Sometimes after a long run I get an achy, fatigue feeling in my feet, says Shear. “That’s just wear and tear and being on your feet. But it’s a problem if the pain is sharp or you’re incapacitated after a run in your feet, legs, or back. In that case, immediately rest and talk to a sports medicine doctor.”
Should I take anti-inflammatories?
“Recently runners have become really interested in tart cherry juice, since studies have shown it acts nature’s ibuprofen,” says Shear about its anti-inflammatory power. “I’ll drink an 8 ounce glass in the morning and at night. (It also helps with hangovers FYI.) Some people also like ice or heat on their feet or legs.”
Do you need a run club or a run coach?
“A run club is similar to the experience of a group fitness class and a coach is like a personal trainer. A club or group run provides motivation, camaraderie, fun, and distraction. But if you want to improve your form, speed, or really zero in on your performance, that’s where you’ll want a run coach. Ditto if you’re a total newbie and want to learn how to run,” says Shear.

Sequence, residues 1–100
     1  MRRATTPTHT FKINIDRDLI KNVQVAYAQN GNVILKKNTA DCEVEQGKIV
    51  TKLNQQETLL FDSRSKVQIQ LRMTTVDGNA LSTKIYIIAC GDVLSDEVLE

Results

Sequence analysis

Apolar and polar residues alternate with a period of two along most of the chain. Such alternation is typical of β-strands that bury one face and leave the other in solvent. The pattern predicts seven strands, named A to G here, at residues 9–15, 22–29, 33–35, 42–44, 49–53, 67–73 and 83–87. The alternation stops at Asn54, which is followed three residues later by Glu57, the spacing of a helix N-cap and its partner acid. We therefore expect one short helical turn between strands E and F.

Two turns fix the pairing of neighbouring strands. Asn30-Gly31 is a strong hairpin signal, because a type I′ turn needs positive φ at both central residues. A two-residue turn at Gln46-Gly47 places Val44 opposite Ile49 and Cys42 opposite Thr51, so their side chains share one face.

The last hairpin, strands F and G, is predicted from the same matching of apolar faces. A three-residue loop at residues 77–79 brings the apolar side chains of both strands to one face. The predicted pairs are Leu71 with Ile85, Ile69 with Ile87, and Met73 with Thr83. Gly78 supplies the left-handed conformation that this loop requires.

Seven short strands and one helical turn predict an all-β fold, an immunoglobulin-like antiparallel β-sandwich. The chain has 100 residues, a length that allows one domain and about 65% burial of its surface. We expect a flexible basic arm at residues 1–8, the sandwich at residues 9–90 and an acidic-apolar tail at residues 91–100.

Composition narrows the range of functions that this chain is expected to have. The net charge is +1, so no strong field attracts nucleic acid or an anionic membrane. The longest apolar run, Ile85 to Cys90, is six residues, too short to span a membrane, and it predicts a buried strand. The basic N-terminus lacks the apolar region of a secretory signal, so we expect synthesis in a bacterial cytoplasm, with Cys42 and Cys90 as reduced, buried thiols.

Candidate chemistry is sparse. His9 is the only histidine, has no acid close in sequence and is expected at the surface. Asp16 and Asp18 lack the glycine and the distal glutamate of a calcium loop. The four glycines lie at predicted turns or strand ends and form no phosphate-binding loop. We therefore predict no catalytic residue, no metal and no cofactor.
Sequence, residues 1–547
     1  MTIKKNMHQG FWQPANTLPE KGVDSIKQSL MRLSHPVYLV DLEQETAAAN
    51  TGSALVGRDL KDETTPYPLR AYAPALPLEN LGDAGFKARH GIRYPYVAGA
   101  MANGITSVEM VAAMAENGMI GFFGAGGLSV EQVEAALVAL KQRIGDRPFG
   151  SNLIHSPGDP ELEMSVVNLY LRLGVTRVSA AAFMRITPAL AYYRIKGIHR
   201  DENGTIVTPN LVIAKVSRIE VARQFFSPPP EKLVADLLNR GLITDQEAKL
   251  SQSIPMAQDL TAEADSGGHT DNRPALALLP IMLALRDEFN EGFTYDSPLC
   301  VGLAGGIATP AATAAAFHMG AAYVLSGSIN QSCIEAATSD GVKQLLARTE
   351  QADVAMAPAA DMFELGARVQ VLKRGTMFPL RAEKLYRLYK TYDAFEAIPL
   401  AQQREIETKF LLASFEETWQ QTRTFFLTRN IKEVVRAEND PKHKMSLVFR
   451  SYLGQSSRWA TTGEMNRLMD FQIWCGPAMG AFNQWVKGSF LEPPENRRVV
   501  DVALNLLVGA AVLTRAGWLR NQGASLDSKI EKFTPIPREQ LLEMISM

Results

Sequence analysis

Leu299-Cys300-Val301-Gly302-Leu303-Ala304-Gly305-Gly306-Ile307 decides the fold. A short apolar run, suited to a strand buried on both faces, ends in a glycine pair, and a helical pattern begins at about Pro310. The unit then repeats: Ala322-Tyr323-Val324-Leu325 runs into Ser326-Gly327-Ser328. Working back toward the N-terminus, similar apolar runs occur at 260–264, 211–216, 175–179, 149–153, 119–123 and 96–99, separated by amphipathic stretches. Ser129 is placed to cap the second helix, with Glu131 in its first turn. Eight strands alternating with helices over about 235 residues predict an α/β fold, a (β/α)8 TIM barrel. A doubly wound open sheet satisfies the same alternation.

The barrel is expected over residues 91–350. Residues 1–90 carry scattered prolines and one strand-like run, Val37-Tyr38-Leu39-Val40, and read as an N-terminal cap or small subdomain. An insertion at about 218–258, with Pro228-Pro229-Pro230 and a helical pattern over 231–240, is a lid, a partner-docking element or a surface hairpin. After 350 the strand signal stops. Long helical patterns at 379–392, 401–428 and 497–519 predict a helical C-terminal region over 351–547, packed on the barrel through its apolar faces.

Should I run everyday?
Once your body is familiar with distance, you might want to be guided by what your body needs. “Not running tons has helped me and my race time. In fact, when I’m my most muscly, and have been lifting heavy a lot, that’s when I do my best race times,” Shear notes. “Not killing myself with over-training felt intuitively right to me. You don’t have to run six or seven days a week to run a race.”
Can a treadmill can help your training?
“The biggest benefit to using a treadmill as a training tool is that it’s quantitative and calculable, unlike outside. You have freedom to monitor your results, to challenge yourself. Like adding 2/10ths to your pace. You’ll never be able to do that outside. For people who struggle with pacing, it can help monitor how fast you’re really going,” says Siik, who’s a treadmill expert.
How much treadmill training makes sense?
Don’t spend more than 25 percent of your training on a treadmill, if you’re getting ready for a race, says Siik. “Forces outside are different. You still need to go outside because in real life, you still have to have the stability in your knees to go downhill. You’ll get a little too accustomed.” —Melisse Gelula
This story is brought to you by Athleta